KABUL: The World Health Organization (WHO) has warned that fundamental and life-saving primary health care services in Afghanistan are under severe threat. It is, therefore, making an urgent appeal to international donors to rapidly finance the Sehatmandi programme, as they have done for almost two decades.
The programme is the backbone of Afghanistan’s health system, providing care for millions of people through 2 331 health facilities.
The primary care facility in the village is vital, serving 58 000 people including 13 340 women of childbearing age and 11 600 children under-five. Importantly, it provides emergency obstetric care, including Caesarean section services. Without this, women would have to travel far, and put themselves and their babies at risk.
Due to a lack of funding, staff in the health facility have not received their salaries for months, the clinic is faced with shortages of medicine and supplies, and patients are not able to access the essential health services they need. If this facility closes down, increasing ill-health and mortality is inevitable. The facility’s struggles are not unique.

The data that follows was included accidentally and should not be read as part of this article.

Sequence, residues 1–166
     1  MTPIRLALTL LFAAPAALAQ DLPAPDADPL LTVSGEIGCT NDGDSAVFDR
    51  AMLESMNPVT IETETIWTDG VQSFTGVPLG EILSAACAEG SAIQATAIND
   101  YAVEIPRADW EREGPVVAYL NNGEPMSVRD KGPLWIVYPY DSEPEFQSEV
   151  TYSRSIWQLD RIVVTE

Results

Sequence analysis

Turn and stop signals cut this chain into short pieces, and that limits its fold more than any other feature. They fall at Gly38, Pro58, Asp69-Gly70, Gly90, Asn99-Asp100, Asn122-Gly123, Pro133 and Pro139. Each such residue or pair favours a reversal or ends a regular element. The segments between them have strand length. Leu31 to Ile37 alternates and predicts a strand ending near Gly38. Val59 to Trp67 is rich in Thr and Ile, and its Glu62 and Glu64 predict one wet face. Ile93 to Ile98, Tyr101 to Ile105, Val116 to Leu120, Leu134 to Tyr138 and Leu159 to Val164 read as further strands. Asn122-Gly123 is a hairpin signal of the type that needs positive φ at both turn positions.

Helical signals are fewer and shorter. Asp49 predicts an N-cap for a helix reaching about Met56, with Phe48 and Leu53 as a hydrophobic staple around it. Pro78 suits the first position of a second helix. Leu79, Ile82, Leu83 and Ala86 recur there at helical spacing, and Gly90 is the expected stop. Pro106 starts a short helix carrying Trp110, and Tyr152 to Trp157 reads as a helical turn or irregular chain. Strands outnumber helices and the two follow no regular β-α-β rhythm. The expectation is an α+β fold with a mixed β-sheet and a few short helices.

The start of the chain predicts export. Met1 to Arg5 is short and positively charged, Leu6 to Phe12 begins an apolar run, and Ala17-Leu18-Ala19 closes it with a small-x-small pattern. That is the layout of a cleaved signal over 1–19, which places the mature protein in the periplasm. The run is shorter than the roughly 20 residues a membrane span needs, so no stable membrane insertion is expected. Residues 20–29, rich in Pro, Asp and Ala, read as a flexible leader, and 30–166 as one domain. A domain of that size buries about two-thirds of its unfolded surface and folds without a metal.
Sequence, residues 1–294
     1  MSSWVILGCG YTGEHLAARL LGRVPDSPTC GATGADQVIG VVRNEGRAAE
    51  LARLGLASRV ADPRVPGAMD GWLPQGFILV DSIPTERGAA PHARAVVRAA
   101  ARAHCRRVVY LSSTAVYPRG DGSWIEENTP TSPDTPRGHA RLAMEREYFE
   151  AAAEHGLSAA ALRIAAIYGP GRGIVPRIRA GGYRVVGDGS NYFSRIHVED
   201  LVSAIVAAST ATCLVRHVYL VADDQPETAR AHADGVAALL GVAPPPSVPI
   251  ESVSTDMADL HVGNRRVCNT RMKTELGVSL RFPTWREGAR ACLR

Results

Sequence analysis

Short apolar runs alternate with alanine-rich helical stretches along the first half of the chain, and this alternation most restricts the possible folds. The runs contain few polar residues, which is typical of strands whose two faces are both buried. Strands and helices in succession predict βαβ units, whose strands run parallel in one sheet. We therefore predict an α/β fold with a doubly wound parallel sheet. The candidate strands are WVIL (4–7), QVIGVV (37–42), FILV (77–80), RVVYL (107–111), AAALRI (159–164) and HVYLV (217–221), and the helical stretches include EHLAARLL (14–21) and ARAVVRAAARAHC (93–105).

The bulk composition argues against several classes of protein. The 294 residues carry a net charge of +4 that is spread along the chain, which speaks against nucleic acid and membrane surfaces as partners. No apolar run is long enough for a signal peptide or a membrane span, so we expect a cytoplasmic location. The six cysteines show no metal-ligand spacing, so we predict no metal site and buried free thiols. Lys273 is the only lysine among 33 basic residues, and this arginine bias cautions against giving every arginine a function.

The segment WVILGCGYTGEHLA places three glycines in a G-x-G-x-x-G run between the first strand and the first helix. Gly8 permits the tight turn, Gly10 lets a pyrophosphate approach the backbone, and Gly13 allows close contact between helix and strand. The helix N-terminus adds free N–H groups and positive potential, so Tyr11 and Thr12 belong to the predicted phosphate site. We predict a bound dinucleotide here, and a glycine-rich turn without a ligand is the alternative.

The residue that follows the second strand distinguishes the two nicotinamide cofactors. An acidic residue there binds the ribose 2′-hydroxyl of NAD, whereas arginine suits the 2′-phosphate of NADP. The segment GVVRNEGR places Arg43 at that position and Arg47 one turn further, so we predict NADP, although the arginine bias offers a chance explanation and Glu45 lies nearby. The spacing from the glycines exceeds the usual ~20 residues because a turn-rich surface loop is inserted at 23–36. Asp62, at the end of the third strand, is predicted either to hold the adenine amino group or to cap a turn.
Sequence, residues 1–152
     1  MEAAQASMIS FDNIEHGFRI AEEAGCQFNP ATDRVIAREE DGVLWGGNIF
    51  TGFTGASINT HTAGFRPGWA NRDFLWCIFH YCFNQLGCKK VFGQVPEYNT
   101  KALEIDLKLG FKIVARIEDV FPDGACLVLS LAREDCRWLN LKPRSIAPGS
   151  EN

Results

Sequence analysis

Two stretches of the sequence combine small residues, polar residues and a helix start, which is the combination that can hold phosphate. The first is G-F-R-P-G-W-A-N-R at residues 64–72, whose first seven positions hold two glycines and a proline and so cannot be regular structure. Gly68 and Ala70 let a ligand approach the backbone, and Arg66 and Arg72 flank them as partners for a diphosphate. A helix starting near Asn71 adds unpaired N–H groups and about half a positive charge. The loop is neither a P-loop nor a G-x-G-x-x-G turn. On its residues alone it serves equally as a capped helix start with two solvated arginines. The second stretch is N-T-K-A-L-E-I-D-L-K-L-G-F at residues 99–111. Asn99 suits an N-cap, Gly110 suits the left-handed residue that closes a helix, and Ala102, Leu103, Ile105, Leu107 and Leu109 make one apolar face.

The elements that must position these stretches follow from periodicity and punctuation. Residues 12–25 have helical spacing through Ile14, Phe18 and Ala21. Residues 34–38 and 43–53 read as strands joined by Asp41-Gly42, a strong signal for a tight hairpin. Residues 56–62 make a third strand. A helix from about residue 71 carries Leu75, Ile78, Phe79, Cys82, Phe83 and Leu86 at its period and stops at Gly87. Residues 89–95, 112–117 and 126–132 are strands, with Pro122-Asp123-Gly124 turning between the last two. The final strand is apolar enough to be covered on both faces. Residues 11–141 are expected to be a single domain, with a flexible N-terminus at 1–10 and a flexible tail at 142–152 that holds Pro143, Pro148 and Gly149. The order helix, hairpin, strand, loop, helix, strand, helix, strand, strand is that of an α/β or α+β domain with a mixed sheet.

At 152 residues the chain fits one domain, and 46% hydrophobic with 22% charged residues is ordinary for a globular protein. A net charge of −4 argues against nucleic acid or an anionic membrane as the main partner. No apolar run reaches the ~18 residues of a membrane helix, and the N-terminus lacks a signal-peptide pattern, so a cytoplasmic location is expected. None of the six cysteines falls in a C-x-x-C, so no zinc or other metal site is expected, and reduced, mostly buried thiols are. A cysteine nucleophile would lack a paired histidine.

The situation is replicated across the country because the Sehatmandi programme is no longer able to receive appropriate financial support due to the change in Afghanistan’s government. In August 2021, when the Taliban took over Kabul, donors found it impossible to provide financing through the new regime, and major funding was withdrawn. Previously funded by the World Bank, the European Commission, and USAID, there are now serious challenges to continuing these vital primary health care services.
The population is also suffering due to a recent drought that has affected crops and livestock. This, combined with rising food prices and the collapse of public services, led to acute food insecurity for nearly 19 million people in September and October 2021.